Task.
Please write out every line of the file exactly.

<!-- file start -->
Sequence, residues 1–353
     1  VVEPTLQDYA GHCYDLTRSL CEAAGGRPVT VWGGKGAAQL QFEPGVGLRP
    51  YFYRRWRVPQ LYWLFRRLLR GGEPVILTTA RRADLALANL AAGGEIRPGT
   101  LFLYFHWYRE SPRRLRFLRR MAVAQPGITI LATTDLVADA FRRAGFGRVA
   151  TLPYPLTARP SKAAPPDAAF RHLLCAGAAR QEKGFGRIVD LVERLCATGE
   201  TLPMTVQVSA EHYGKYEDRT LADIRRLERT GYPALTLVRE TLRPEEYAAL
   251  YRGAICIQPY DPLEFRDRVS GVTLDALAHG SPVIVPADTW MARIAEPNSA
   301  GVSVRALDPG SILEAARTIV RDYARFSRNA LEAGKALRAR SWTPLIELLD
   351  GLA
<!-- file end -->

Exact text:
Sequence, residues 1–353
     1  VVEPTLQDYA GHCYDLTRSL CEAAGGRPVT VWGGKGAAQL QFEPGVGLRP
    51  YFYRRWRVPQ LYWLFRRLLR GGEPVILTTA RRADLALANL AAGGEIRPGT
   101  LFLYFHWYRE SPRRLRFLRR MAVAQPGITI LATTDLVADA FRRAGFGRVA
   151  TLPYPLTARP SKAAPPDAAF RHLLCAGAAR QEKGFGRIVD LVERLCATGE
   201  TLPMTVQVSA EHYGKYEDRT LADIRRLERT GYPALTLVRE TLRPEEYAAL
   251  YRGAICIQPY DPLEFRDRVS GVTLDALAHG SPVIVPADTW MARIAEPNSA
   301  GVSVRALDPG SILEAARTIV RDYARFSRNA LEAGKALRAR SWTPLIELLD
   351  GLA